The engineers of ancient Rome built an unparalleled network of roads in the ancient world. Approximately 50,000 miles (80,000 km) of roads spanned the Roman Empire, spreading its legions, culture and immense influence throughout the known world.
The old saying "all roads lead to Rome", simply couldn't have been truer. Rome was the hub of commerce, trade, politics, culture and military might in the Mediterranean, and the grand achievement of her road network all led directly to the city and back out to her many territories and provinces.
Despite the grand spectacle that the road network really was, the original functionality of Roman roads was mainly designed for military exploitation. Starting with local roads, Rome was connected first to Latium, Ostia and surrounding areas. By the mid 4th century BC, as they pushed south into Samnite territories and Campania, longer highways were developed to give the legion an advantage over Rome's adversaries. The Via Appia, built between was the first, and most famous, of these. Begun in 312 BC by Appius Claudius Caecus, it ran southwest out of Rome, to Capua, then to Tarentum and later was pushed across to Brundusium (Brindisi) on the Adriatic eventually stretching all the way to the Straits of Messina.
Like most major Roman fortifications and public works, Roman roads were primarily built by the legions themselves, as they stretched the frontiers. Engineers were regular members of the Roman army and their expertise in roads, forts and bridge building was an invaluable asset unmatched by any other culture for two millenia. Estimating the cost of road building varies dramatically depending on the era and terrain, but there is no question regarding the cost effectiveness. As the empire expanded the cost responsibility for building and maintaining the roads were borne by local populations and tribes rather than by the Roman treasury itself.
As Roman generals marched with their legions, they were expected to provide road construction from their own resources. However, with complete authority in any given jurisdiction, those resources turned out to be mostly collected from locals, in money, raw materials and additional labor. Essentially, for seven centuries, Roman road building continued and was well maintained, until economic decline and external pressure began to give way. By the fall of the west in 476 AD, the condition of the roads paralleled the circumstances of the empire, and many roads would fall into disuse, disrepair and ruin throughout the medieval age.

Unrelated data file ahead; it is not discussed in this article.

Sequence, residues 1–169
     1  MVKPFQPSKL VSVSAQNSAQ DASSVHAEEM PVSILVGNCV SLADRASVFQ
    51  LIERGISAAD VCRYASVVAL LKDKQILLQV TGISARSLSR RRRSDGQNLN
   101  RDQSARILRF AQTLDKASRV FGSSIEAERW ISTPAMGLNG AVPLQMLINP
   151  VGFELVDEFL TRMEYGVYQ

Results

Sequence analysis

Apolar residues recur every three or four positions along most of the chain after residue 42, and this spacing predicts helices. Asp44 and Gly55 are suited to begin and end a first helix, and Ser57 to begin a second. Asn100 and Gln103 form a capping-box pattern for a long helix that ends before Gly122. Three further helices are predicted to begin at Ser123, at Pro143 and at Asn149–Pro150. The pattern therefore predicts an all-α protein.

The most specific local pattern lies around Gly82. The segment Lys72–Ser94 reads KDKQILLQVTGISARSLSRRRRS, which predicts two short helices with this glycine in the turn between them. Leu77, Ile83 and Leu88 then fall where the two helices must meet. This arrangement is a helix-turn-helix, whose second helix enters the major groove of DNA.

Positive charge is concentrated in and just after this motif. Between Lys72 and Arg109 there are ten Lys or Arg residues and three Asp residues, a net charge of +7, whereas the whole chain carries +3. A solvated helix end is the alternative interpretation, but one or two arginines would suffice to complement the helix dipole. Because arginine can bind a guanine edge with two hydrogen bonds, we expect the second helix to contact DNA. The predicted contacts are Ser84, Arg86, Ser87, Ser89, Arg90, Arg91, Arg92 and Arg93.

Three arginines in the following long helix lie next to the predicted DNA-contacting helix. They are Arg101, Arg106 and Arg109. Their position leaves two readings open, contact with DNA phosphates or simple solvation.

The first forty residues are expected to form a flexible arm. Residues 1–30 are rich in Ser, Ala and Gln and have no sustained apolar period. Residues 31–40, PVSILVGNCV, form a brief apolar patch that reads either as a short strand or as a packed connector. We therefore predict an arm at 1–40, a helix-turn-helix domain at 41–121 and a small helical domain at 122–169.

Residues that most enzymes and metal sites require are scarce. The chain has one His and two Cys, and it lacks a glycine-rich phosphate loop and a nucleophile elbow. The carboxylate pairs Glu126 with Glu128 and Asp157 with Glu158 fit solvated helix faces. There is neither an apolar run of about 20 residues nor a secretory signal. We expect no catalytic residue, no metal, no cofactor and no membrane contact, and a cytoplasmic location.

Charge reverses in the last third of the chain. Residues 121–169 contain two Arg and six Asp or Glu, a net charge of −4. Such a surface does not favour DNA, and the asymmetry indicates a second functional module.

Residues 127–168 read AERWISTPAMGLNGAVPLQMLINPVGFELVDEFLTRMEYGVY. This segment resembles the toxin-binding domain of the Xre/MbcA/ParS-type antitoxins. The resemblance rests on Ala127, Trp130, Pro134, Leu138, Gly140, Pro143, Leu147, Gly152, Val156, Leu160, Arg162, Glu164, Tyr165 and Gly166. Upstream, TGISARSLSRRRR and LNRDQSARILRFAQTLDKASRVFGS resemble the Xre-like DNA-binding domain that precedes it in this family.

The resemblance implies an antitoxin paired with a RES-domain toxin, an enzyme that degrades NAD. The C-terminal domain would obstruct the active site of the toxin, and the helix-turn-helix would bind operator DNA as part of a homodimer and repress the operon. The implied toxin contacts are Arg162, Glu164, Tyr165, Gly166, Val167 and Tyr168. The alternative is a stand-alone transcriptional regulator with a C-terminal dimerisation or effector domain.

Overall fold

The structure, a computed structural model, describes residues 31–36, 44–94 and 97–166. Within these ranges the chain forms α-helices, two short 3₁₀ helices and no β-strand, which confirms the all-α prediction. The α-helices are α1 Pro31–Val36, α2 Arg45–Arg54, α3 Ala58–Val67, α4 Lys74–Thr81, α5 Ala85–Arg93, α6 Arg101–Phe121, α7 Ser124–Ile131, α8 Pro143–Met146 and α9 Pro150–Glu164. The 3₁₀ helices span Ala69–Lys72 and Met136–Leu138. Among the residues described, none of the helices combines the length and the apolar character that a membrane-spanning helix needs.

Outside of the speed and accessibility provided to the Roman legions, the roads also provided an opportunity for trade, travel and communication unknown to the rest of the world. While travel of any considerable length was generally limited to the wealthy, theoretically one could travel from Spain to a Greek province without ever stepping off a road. While having obvious advantages for trade, once again, the roads were never a primary source of commerce. Most trade and transportation occurring on roads was limited to short routes, as sea traffic was by far the more attractive alternative. Road routes allowed the convenience of moving goods from the source, directly to a nearby port, or legionary supplies by sea could be moved to their final distance by road. The heaviest traveled roads were those connecting inland towns to nearby ports in the provinces and from ports, such as Ostia, to Rome in Italy.
A sort of ancient pony express was also developed along with a vast network of postal way stations along the road routes. Both horse driven carts and ridden horses were used for fast delivery of correspondence to distant places. For the first time in history it was possible to receive a letter in Rome, from as far away as northern Gaul, in as little as a few days. While military couriers were a considerably more common occurrence, dispatching letters between commanders, the Senate, the Emperor or various installations, the civilian mail service was a booming business as well.